PowerBuilder and Object Oriented Programming

I’ve seen too many articles mentioning PowerBuilder and Microsoft Access or Microsoft Visual Basic in the same sentence, so took it upon myself to spread the word about some of the more advanced OOP techniques supported by PowerBuilder.   I’ll post them as I come across them in my work.  The first is dynamic function calls or dynamic events.

Dynamic Calls in PowerBuilder

When you specify a dynamic call in PowerBuilder, the function or event does not have to exist when you compile the code. You are indicating to the compiler that there will be a suitable function or event available at execution time.   For a dynamic call, PowerBuilder waits until it is time to execute the function or event to look for it.  This gives you flexibility and allows you to call functions or events in descendants that do not exist in the ancestor.
Another type of dynamic call is when you use the object dot notation, like in a dataobject or OLE object such as a Browser control or Map Control.

Why would you want to use dynamic calls?

To better support Polymorphism and good OOD.  Why would you want to do that?  One example might be a TreeView that displays a different ListView that is dependent on the type of branch clicked on in the tree.  Let’s say the tree view represented Continents, Countries and Cities and you wish to display a different information depending on which type was clicked.  If the user clicks Continents then you show a list of Countries, and if the user clicks Countries you show a list of Cities for the Country and for some strange business reason the user would only print lists of Countries or Cities but never a single city.
A good design would be to create one user object with shared functionality, then inherit from it to create three different specific versions each for the different display types.  You my have functions or events specific to one or more types (Continent and Country) but not all of them have the function or you just wish to use solid polymorphic and encapsulated oo design.   Since you are creating your list view user object on demand you’ll need to CREATE it and assign to an instance variable to reference it in memory.   But without dymanic function calls it makes things more difficult as you’d need to define your instance variable of a type more specific than you might want to so that it has the event or function definition and will compile.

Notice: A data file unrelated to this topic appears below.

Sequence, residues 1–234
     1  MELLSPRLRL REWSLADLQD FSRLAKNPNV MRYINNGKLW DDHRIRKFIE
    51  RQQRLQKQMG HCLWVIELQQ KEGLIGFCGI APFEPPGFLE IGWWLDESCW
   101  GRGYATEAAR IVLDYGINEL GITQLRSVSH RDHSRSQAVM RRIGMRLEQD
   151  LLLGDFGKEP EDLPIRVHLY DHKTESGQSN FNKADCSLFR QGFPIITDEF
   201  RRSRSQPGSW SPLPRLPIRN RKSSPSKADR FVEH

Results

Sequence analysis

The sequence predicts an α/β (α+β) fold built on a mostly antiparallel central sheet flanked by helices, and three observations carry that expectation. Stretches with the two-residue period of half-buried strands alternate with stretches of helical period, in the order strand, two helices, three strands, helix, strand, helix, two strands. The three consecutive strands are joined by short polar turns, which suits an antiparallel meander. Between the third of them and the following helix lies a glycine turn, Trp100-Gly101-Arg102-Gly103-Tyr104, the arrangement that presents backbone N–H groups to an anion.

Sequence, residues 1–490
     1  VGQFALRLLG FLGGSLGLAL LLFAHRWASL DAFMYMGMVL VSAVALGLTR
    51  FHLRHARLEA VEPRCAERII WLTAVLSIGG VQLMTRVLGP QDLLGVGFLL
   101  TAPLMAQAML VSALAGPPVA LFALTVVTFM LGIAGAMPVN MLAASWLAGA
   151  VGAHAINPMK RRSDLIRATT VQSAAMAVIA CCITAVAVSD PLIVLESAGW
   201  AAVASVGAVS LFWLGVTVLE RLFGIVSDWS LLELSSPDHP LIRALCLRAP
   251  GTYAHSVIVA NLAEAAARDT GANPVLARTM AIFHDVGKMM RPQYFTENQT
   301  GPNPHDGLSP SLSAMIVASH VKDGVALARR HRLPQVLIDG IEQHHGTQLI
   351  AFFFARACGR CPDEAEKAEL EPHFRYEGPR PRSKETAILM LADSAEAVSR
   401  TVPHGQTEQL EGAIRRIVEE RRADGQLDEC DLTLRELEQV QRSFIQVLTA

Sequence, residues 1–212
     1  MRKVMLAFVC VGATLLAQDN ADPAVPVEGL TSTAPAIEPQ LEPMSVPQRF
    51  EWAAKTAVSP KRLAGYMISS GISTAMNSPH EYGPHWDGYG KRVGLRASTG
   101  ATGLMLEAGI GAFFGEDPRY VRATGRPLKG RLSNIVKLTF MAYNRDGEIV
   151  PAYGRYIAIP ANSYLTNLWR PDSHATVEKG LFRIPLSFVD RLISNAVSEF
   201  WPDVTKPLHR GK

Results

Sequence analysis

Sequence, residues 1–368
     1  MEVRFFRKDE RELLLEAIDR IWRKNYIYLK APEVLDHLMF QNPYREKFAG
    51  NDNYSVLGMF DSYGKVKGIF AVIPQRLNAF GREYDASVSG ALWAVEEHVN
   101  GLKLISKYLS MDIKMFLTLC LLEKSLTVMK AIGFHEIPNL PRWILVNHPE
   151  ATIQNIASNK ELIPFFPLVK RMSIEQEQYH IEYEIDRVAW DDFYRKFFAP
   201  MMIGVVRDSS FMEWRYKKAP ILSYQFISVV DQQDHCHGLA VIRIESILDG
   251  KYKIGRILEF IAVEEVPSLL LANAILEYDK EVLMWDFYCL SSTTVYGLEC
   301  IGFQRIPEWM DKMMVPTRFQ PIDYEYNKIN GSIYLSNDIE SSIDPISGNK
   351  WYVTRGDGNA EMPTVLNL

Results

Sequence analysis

Assume the following object hierarchy
1. userobject
2. uo_place
3. uo_continent, uo_country,  uo_city
Say uo_city is the only user object to NOT have an event ue_print( ) and the uo_place ancestor does not have the function either.
Example #1:   Better OOD
userobject iuo_listview
iuo_listview.EVENT ue_print()  - Won't compile, no such function exists on type userobject.
iou_listview.EVENT dynamic ue_print() - Will compile, but will fail at runtime if doesn't exist.

//  With this setup your code can reference one instance variable
//  but it needs to be aware of the object type to runtime errors.
choose case iuo_listview.ClassName()
case  'uo_state', 'uo_country'
  iuo_listview.EVENT dynamic ue_print()
case else
  // no action
end choose
Example #2:  Not Good OOD
// define different instance variables
uo_state iuo_state
uo_continent iuo_continent
uo_country iuo_country

// Forces you to reference different instance variables to compile and
// to not get null object reference.
choose case iuo_state.ClassName()
case 'uo_state'
  iuo_state.EVENT ue_print()
case 'uo_continent'
  iuo_continent.EVENT ue_print()
case else
  // nothing
end choose
Disadvantages of dynamic calls
Slower performance
Because dynamic calls are resolved at runtime, they are slower than static calls. If you need the fastest performance, design your application to avoid dynamic calls.  (the performance penalty is negligible unless you are calling events/functions repetitively)
Less error checking
When you use dynamic calls, you are foregoing error checking provided by the compiler. Your application is more open to application errors, because functions that are called dynamically might be unavailable at execution time. Do not use a dynamic call when a static call will suffice.
update 11/29/2013: Question: There is a question asking if inheritance can be implemented in C# with some code as an example. I am going to answer the question in a new blog post here.
Rich (aka DisplacedGuy)

6 Responses

  1. Hello:

    I have a large app. that use Dynamic Object Creation, in my case I have NVO’s that have general functionally and using inheritance I’m able to extend business functionalyty and call it dynamically.. like this:

    nvo_base_bc cust_rule

    SELECT rule_name
    INTO :cust_rule_Name
    FROM business_rules_customer WHERE cust_id = :cust_id_var;

    cust_rule = CREATE USING cust_rule_Name

    … In this Case Validation() and CustomRule() method must be in nvo_base_bc and in the class to be instanciated… the power of this is inheritance… you can call base methods and extended methods from your Dynamic Class.

    Well… the point is: Can I do that on C#?

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